We’ve been home for about a week now from a pretty epic road trip. I packed the car to the gills, kissed Jarrod goodbye, and heading to the wild west with my four little cowboys (and girls). It was pretty wild–especially when you consider the endless hours across a pretty desolate Montana with no cell service. And then we hit the mountains. Hello, beautiful.
We hiked it up to the Glacier Park area
, then back down to Big Sky for a few more days, then, because we couldn’t very well head home only visiting two
National Parks, but we needed to squeeze one more in, we decided to dip south a titch and see what Yellowstone could offer us.
So a 13-year-old with constant ear buds, a 9-year-old with a free spirit, a bossy 7-year-old, and a super intense 2-year-old and one mom head to Yellowstone National Park–sounds like the beginning of a sad joke right? Or a really good reality TV show–but it was real. It was my reality.
And drama, did we love you.
Yellowstone has all the wildlife. We saw exciting things right through the gate–hooray, mom didn’t take us someplace boring!
My first impression of the park was a cold, hard memory of me–about Noah’s age–sulking bitterly in the backseat with my Walkman blaring, tuning out the sound of my dad’s voice urging us to go check out one more flipping geyser. It’s kind of one of those funny family memories now, but at the time I had some deep hate for bubbling hot springs and mud pots. My family seemed to be enthralled by the ceaselessness of natural wonder. I, on the other hand, wanted to just go someplace cool, like, somewhere without stinky underground volcanos.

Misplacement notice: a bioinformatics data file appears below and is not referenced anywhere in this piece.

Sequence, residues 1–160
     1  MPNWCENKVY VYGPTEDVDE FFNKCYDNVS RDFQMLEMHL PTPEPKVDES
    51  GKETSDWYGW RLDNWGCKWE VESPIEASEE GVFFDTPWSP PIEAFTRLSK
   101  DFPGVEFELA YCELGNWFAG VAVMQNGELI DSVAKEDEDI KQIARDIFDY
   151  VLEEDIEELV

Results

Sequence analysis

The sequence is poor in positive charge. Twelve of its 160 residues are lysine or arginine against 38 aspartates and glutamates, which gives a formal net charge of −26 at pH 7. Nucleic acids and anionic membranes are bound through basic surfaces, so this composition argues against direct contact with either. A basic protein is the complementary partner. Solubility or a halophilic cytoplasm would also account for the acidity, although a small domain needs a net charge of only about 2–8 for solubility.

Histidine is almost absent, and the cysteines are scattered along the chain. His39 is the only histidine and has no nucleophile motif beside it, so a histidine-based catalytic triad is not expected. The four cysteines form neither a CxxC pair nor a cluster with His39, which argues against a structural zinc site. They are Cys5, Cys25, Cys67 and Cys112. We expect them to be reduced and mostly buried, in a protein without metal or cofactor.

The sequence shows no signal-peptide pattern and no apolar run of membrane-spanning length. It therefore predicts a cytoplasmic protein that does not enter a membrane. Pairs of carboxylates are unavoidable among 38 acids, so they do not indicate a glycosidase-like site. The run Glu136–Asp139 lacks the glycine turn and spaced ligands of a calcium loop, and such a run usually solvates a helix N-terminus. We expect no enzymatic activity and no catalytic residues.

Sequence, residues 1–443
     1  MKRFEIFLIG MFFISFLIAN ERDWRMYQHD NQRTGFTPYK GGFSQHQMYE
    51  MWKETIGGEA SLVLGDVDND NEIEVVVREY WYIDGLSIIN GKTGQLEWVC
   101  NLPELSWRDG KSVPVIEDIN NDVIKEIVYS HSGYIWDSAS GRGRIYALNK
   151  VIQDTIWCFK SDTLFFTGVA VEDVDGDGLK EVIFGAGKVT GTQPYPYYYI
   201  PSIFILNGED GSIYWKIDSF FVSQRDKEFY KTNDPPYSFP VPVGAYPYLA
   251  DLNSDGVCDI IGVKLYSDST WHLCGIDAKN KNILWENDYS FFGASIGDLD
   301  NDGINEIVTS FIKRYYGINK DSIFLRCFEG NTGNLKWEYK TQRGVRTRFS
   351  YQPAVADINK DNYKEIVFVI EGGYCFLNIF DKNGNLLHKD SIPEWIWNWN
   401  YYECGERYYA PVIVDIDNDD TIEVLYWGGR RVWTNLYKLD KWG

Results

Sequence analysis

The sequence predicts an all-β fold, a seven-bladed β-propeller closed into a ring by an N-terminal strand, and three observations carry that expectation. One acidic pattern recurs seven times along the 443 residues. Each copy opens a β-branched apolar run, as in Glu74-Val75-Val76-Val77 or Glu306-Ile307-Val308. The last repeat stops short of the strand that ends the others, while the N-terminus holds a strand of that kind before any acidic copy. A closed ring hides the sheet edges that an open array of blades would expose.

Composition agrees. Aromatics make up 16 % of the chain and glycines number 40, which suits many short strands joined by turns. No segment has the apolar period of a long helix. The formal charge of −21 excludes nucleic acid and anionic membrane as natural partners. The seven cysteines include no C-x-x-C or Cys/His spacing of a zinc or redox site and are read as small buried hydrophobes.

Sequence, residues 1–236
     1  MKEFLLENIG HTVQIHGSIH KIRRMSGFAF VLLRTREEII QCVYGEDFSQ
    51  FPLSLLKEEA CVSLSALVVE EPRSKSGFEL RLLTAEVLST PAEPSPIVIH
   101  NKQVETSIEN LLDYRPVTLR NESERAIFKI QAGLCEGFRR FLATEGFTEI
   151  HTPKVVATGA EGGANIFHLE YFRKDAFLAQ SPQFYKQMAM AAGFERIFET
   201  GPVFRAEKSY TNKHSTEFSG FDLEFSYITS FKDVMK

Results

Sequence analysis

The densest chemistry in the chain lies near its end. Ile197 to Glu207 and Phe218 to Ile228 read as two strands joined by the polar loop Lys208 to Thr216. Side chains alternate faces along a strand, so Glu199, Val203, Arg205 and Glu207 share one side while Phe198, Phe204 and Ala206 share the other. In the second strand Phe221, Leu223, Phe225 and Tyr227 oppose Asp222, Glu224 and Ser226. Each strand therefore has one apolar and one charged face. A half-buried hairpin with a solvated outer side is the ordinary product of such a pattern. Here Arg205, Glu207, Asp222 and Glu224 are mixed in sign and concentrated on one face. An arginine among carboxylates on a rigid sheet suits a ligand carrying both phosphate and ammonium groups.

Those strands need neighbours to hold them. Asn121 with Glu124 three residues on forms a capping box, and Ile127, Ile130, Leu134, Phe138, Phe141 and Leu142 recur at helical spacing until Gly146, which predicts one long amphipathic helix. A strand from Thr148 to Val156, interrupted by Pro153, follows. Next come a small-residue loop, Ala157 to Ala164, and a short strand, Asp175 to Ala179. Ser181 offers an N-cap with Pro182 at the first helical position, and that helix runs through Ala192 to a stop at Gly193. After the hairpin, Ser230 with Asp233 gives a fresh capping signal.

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I’m so happy I did not reap what I had sown on that trip so long ago–my kids thought Yellowstone was pretty amazing. And it was until we got to the iconic Old Faithful and drama socked me in the gut outta nowhere.
If you’re in Yellowstone, you have to go to Old Faithful. I mean, it’s Old Faithful! So if you’ve never been there, here’s the scoop: it’s super crowded. Everyone there is wearing their best vacation outfit: “Favorite Dad” t-shirt. Check. Fanny pack. Check check. And there’s cameras for miles. Where you park your car is insanely busy. There’s busses, vans, and a sea of Thule cargo carriers–my car joined the ranks with his friends. Right off the parking lot is a whole string of shops, ice cream, t-shirts, magnets, stickers, and anything else that will hold a Yellowstone National Park logo. Ya, we bought stuff. When you make your way through the sea of people and souvenirs, you’ll find your way on the path to Old Faithful herself.
It’s clear as day when you see it. It’s surrounded by happy tourists, cameras ready, pencils ready to check it off their bucket lists. My kids were up there, front and center too. They were digging it. Big time.
Those kind ranger folks post a nice big sign when the next predicted eruption of Old Faithful will come. She’s supposedly pretty predictable–hence the name. But my stomach dropped when I saw we still had over an hour (+/- minutes) to wait for her to blast off. Travel tip: do not trust the sign.
So, what’s a mom alone to do with four kids at a geyser, waiting for it to erupt? That’s right, ice cream. I sent Noah with a pocket of cash to run and fetch ice cream for the kiddies to make our wait a little less painful. He was happy to do so. I mean, ice cream doesn’t ever become uncool, does it?